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North Carolina's Ozone Levels Lowest On Record In 2013

Duke Energy Progress' new Sutton natural gas plant in Wilmington, N.C., begins commercial operation

RALEIGH, N.C. : December 16, 2013 - According to a release from the North Carolina Department of Environment and Natural Resoures (NCDENR) North Carolina had its lowest ozone levels on record in 2013 since air monitoring began in the early 1970s, due lower air emissions and favorable weather conditions.
In the Wilmington area, after using coal for 59 years the Duke Energy Sutton Power Plant recently switched from coal to natural gas for producing power.
Ozone levels statewide exceeded the federal standard on only one day in 2013, well below the previous record low of six days in 2009 and the average of 22 days during the previous five years. The declining ozone levels went hand-in-hand with lower emissions from the state’s power plants, the largest industrial source of nitrogen oxides (NOx), which are the primary contributor to ozone pollution in North Carolina.
A recent report by the N.C. Division of Air Quality, or DAQ, shows that the state’s coal-fired power plants have cut their NOx emissions by more than 80 percent since the General Assembly enacted the Clean Smokestacks Act in 2002.
NOx emissions totaled 41,641 tons statewide in 2012, well below the cap of 60,000 tons/year set by the act and the baseline emissions of 245,000 tons in 1998.
“Power plants have not just met the requirements of the Clean Smokestacks Act, but have reduced their emissions more than required,” said Sheila Holman, director of the N.C. Division of Air Quality. “These emissions cuts, coupled with reductions from other industries and motor vehicles, have undoubtedly contributed to the improvements in ozone levels.”
Ozone is not emitted directly by sources but forms in the air when nitrogen oxides (NOx) react with hydrocarbons on hot, sunny days with little wind.
Thus, the weather also contributed to low ozone levels in 2013 because the summer was cooler and wetter than usual.
NOx is considered the primary man-made contributor to ozone formation because trees and other vegetation emit most of the hydrocarbons in our air. The primary sources of NOx are power plants, industry and motor vehicles, and those emissions have been declining during the past decade.
The Clean Smokestacks Act required Duke Energy Carolinas and Progress Energy Carolinas (now both owned by Duke Energy, Inc.) to reduce ozone- and particle-forming emissions from coal-fired power plants by about three-fourths compared to 1998 levels.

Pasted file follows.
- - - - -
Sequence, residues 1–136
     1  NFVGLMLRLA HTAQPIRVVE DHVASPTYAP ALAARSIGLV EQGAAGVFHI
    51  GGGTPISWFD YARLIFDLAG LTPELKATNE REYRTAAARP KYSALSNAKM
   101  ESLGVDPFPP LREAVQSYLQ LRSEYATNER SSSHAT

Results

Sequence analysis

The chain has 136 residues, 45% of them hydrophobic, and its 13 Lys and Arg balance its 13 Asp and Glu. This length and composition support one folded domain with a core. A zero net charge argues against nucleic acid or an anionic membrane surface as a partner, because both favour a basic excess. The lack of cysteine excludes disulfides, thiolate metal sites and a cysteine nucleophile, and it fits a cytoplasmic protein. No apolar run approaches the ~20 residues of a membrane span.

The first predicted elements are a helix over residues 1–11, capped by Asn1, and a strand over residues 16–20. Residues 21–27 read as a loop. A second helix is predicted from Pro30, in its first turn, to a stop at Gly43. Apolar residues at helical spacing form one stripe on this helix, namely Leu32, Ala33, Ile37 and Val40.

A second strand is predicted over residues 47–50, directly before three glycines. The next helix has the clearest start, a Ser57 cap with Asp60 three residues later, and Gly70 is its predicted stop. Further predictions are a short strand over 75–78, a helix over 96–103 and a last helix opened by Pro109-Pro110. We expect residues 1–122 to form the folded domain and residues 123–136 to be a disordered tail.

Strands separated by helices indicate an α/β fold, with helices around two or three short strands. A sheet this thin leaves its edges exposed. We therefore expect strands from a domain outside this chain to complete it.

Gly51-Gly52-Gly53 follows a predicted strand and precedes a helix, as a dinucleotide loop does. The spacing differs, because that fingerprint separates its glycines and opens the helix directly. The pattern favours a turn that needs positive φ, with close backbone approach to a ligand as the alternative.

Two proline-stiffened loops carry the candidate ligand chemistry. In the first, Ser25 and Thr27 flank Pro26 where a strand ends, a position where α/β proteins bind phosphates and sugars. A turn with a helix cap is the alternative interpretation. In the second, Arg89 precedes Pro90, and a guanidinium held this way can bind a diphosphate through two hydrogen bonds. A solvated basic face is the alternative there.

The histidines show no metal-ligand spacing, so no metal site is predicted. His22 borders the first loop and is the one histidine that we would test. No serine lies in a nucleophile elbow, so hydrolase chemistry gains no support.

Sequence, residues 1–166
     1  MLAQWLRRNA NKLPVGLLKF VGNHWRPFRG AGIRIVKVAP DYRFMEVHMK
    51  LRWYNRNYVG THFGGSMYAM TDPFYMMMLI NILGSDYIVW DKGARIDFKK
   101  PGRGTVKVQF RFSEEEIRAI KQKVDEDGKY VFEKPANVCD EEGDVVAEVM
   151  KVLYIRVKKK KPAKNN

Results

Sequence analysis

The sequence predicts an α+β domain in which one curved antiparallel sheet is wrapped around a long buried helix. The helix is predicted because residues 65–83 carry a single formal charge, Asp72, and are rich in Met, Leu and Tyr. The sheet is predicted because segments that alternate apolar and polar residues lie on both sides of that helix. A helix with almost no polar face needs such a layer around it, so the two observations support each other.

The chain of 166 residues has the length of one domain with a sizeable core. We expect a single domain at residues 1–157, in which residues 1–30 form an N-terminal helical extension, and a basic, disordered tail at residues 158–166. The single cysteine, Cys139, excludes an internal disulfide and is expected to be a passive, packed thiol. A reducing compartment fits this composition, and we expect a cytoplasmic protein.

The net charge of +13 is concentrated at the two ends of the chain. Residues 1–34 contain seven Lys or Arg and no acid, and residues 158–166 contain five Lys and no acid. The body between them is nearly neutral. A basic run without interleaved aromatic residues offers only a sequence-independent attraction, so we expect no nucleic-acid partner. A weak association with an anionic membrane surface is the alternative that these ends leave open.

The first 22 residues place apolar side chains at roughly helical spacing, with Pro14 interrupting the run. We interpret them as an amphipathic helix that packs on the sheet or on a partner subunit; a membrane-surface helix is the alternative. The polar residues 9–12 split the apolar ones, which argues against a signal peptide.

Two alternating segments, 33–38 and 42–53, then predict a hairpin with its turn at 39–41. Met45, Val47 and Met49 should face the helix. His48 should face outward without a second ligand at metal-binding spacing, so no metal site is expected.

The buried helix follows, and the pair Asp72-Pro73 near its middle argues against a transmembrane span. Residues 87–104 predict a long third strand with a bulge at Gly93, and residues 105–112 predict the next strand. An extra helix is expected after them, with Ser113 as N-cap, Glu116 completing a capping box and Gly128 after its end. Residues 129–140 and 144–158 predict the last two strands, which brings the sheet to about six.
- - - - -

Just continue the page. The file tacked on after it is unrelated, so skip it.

Utilities have achieved those reductions by installing scrubbers and other pollution controls at their largest facilities, closing some plants and converting others from coal to natural gas.
Stricter federal requirements for industrial facilities as well as motor vehicles also have contributed to the emissions reductions.More information on air quality issues can be found on DAQ’s website,
According to Duke Energy in a release on December 11th,  "Duke Energy Progress’ new 625-megawatt (MW) L.V. Sutton combined-cycle natural gas plant has begun serving North Carolina and South Carolina customers."
The approximately $600 million dollar plant replaces the existing three-unit, 575 MW coal-fired plant that the company recently retired after 59 years of service.
It represents a significant milestone in the company’s ongoing commitment to generate electricity in cleaner, more efficient ways.
The new plant uses state-of-the-art technology and air quality controls that result in significantly lower emissions than those of the coal plant it replaces. The following figures are compared to coal plant operations in 2007:
• Sulfur dioxide will be reduced by 99 percent
• Nitrogen oxides will be reduced by 97 percent
• Carbon dioxide will be reduced by 41 percent
“We continue to transform our power plant fleet while maintaining our focus on generating electricity that is both reliable and affordable,” said Allen Clare, Duke Energy Progress’ Sutton plant manager. “Our new natural gas plant is another stride forward in meeting customer needs using highly efficient, increasingly clean energy sources.”
Duke Energy has invested $9 billion in the last 10 years to build several advanced natural gas and coal plants in North Carolina and Indiana.
The new plants will allow the company to retire nearly 6,800 MW of older coal and large oil-fired units.
Nearly 6,300 MW of the capacity Duke Energy will retire is coal, which represents 25 percent of its coal fleet. By the end of 2013, Duke Energy will have retired more than 3,800 MW of that 6,300 MW, including the Sutton coal plant.
Sutton’s first coal unit began operating in 1954; two additional units were added in 1955 and 1972, respectively.
Duke Energy soon will begin a multiyear decommissioning process that will result in safely deconstructing the coal units and effectively closing the site’s coal ash basins to protect groundwater.
About Duke Energy Progress
Duke Energy Progress, a subsidiary of Duke Energy (NYSE: DUK), provides electricity and related services to nearly 1.5 million customers in North Carolina and South Carolina. The company is headquartered in Raleigh, N.C., and serves a territory encompassing more than 34,000 square miles including the cities of Raleigh, Wilmington and Asheville in North Carolina and Florence and Sumter in South Carolina. More information is available at
Headquartered in Charlotte, N.C., Duke Energy is a Fortune 250 company traded on the New York Stock Exchange under the symbol DUK. More information about the company is available at: